The more I started to open up about it, the more I realized that people were accepting of the way I talk.
Unlike the man on the phone, they looked beyond how I spoke and listened what I had to say.
Being open about my stuttering helps dispel the many misconceptions about the communication disorder. According to the National Stuttering Association, these myths include that people stutter because they’re nervous, that people who stutter are less intelligent and, my favorite, that stuttering is caused by bad parenting.
I also realized my honesty let people know I wasn’t ashamed of my stuttering. Not anymore.
Now I’m at the point in my life when, not only am I open about my stuttering, but I embrace it.
Because, believe it or not, there are benefits to having a speech impediment. It makes us compassionate. It makes us better listeners. It makes us perseverant. And, let’s face it, it makes us memorable, in a good way.
Last year, I went to the liquor store wearing a T-shirt that said “Keep calm and stutter on.” I approached the cashier, who immediately noticed the shirt. She said she liked it and told me that her mom stutters too.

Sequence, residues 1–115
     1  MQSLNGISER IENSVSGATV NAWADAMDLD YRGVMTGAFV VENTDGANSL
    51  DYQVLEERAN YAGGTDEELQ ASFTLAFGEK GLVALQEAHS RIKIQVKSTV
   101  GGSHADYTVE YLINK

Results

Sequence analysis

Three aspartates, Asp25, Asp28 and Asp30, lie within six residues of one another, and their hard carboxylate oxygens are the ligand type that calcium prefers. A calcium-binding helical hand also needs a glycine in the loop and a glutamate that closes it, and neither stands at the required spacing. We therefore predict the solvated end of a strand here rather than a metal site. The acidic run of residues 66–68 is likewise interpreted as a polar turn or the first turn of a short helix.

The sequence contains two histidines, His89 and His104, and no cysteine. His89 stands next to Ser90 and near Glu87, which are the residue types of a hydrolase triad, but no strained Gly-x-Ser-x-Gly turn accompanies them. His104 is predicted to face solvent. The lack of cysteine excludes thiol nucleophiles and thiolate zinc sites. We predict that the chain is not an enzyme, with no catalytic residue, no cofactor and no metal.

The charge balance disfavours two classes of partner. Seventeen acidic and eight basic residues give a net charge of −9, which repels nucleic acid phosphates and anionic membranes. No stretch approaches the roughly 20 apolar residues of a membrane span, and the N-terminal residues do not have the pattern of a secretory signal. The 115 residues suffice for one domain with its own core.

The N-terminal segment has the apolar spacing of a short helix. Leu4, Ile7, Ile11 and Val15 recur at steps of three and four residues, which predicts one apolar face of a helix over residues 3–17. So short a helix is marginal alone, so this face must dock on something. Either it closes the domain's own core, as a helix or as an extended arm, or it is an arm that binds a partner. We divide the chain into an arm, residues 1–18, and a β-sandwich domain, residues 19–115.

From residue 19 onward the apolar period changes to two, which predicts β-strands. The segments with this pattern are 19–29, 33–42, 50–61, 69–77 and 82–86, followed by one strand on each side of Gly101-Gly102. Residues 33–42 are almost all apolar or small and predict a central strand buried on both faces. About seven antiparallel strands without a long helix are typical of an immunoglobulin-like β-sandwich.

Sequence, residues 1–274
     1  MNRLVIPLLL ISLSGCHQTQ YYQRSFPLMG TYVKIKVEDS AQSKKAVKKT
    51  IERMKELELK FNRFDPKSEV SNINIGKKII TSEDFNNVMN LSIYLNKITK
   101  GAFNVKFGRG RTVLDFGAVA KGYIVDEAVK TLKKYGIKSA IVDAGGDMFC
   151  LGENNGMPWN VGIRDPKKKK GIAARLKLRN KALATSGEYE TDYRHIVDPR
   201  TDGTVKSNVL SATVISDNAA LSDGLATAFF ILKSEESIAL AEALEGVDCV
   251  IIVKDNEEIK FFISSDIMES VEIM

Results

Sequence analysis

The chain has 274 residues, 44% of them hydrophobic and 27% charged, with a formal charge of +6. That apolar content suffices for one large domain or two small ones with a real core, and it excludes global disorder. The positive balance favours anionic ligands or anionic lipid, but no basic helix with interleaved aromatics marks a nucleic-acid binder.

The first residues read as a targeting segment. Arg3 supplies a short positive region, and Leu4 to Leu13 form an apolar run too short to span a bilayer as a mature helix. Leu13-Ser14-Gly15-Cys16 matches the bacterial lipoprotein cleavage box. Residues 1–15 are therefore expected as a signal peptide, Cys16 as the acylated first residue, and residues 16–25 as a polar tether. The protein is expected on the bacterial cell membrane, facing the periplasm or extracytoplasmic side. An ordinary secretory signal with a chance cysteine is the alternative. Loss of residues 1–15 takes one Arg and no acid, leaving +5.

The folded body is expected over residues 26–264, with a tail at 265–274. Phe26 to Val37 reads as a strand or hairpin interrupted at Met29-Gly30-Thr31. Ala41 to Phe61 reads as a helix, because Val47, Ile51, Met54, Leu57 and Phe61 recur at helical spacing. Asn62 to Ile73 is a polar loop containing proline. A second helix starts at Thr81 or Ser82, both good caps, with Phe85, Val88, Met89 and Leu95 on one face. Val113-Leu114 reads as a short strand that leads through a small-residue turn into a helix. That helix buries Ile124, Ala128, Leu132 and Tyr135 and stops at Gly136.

The more I embrace and open up about my stuttering, the more I find that not only are people sympathetic, but they can actually relate. Between my interactions with my Uber driver and the cashier, being true to myself has opened the door to many conversations that make me feel much less alone and misunderstood than I have in the past.
While I used to see my stuttering as a disability, I now see it as something I just happen to do. It still sometimes takes me a minute to say my name, but I’m OK with that.
Samuel Dunsiger is a writer, mentor and comedian from Toronto, Canada. When not writing, he can be found in the fetal position, tearfully reflecting on his thoughts, and playing with his cat, Morrissey, whom he prefers more than most humans. You can find him on Twitter at @samdunsiger.